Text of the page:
Conflict, Rights and Justice
- Module Code:
- FHEQ Level:
- Year of study:
- Year 3
- Taught in:
- Term 2
This module introduces International Relations students to a wide range of issues in the contemporary world centred on conflict and the liberal world order. We look historically at the decline of inter-state war and the rise (and now decline) of civil wars, and at the rise of global terrorism and its implications, focusing on efforts to combat both the occurrence and conduct of conflict through international law and norms with a particular focus on the politics of human rights, international justice and humanitarianism. We look more specifically at the protection of civilians, torture, civil liberties, cyber warfare and drones, and the Responsibility to Protect. We also ask whether the rise of populism might erode the willingness of Western democracies to support, in principle at least, international norms and at the implications of this both for the liberal world order as a whole and the globalization of democracy in particular.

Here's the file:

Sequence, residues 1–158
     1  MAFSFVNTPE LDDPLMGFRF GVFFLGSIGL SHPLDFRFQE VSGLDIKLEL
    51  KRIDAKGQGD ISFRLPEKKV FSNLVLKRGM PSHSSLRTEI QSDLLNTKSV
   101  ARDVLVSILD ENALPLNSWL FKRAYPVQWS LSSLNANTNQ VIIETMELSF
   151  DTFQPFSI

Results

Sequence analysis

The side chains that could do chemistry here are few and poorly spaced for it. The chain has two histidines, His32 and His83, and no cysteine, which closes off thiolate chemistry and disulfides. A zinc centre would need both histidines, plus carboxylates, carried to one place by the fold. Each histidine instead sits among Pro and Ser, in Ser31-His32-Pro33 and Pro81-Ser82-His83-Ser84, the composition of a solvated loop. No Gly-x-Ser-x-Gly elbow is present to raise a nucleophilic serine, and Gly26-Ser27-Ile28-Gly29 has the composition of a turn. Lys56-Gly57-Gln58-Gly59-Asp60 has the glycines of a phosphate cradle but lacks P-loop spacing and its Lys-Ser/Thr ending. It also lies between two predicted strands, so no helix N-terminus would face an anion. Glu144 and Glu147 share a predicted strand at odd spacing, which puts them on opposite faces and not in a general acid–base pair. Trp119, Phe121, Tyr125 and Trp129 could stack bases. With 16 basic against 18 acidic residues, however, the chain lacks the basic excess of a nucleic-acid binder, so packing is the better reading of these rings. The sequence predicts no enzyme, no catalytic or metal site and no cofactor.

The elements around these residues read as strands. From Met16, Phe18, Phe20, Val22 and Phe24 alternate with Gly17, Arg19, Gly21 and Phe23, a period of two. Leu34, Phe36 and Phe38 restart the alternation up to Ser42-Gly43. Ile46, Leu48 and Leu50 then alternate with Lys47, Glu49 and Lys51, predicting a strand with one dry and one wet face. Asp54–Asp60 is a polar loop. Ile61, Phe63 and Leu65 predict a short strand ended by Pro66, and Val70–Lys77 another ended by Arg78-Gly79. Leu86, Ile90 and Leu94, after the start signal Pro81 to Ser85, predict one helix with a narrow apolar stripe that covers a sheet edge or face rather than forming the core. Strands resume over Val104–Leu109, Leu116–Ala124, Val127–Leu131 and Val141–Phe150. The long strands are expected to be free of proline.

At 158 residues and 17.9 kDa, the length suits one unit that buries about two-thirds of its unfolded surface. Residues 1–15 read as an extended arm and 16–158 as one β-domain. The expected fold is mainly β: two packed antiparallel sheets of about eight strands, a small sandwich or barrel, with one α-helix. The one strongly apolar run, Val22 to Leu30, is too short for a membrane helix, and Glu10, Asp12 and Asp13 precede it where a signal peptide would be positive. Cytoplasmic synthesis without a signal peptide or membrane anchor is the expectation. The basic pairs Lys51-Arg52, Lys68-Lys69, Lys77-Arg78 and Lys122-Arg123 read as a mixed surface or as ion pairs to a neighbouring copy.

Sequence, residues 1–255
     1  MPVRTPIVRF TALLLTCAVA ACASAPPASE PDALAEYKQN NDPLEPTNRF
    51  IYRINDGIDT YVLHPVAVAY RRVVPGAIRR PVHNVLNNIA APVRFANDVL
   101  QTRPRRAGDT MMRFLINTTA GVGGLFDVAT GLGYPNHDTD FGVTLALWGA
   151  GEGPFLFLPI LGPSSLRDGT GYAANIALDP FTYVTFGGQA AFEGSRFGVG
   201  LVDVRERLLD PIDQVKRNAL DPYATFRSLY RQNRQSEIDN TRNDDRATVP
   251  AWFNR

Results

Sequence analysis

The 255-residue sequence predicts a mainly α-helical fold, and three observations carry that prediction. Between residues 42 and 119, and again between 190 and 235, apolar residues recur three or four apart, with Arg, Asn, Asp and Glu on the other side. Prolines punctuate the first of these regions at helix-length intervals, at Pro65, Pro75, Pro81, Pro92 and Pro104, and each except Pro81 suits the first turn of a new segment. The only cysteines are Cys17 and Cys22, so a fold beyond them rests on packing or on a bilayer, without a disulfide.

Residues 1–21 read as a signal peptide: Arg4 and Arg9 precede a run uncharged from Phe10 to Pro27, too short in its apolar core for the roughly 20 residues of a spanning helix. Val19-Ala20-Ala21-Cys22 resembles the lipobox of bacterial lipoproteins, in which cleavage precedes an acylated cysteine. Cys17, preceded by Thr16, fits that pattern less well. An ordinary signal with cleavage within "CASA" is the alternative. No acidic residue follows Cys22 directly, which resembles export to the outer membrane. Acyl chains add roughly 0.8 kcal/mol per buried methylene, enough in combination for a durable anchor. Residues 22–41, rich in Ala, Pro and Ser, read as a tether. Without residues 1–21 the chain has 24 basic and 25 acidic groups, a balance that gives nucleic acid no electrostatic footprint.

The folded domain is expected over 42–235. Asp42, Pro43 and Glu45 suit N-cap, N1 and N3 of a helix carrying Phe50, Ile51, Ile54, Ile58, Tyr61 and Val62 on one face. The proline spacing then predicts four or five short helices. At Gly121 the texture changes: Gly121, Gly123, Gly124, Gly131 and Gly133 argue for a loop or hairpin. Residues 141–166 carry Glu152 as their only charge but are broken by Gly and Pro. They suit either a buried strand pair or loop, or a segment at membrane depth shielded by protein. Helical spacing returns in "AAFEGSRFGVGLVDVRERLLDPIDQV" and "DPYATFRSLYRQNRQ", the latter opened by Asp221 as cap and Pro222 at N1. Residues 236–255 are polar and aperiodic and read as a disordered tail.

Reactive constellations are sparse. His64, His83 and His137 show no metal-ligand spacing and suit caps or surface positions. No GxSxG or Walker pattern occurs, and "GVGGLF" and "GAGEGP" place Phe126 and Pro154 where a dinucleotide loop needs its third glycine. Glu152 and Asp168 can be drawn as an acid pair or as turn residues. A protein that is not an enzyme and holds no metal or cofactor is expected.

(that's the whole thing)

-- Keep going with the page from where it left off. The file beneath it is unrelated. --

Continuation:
Objectives and learning outcomes of the module
• Each learning outcome is tied to specific weeks within the CRJ module itself as well as building on two previous years of International Relations courses that the students will have taken. It is intended to further their knowledge and skills in the area of conflict, rights and justice and cement and extend earlier learning undertaken on the BA IR degree.
This module will be taught over 10 weeks with:
• 2 hour lecture per week
Method of assessment
Assignment 1: Essay 100%
- Steven Pinker, The Better Angels of our Nature: A History of Violence and Humanity (Penguin, 2012). 2 copies, one on loan. No eBook p’back £14.99
- John Mueller, ‘War has almost ceased to exist,’ Political Science Quarterly, v24, no. 2 (2009): politicalscience.osu.edu/faculty/jmueller//THISPSQ.pdf.
- David Keen, ‘Greed and grievance in civil war,’ International Affairs v. 88, n. 4 (2012): 757-777. Online via Library
- Martha Finnemore and Kathryn Sikkink, ‘International norm dynamics and political change,’ International Organization, v. 52, n. 4 (1998): 887-917. Online via Library
- Stephen D Krasner Sovereignty: Organized Hypocrisy (Princeton: Princeton University Press, 1999), chap 4: ‘Rules and ruled: Human Rights’: 105-126. eBook (eBook Central), 1 copy on loan. DawsonEra eBook: £76.37, p’back: £28.95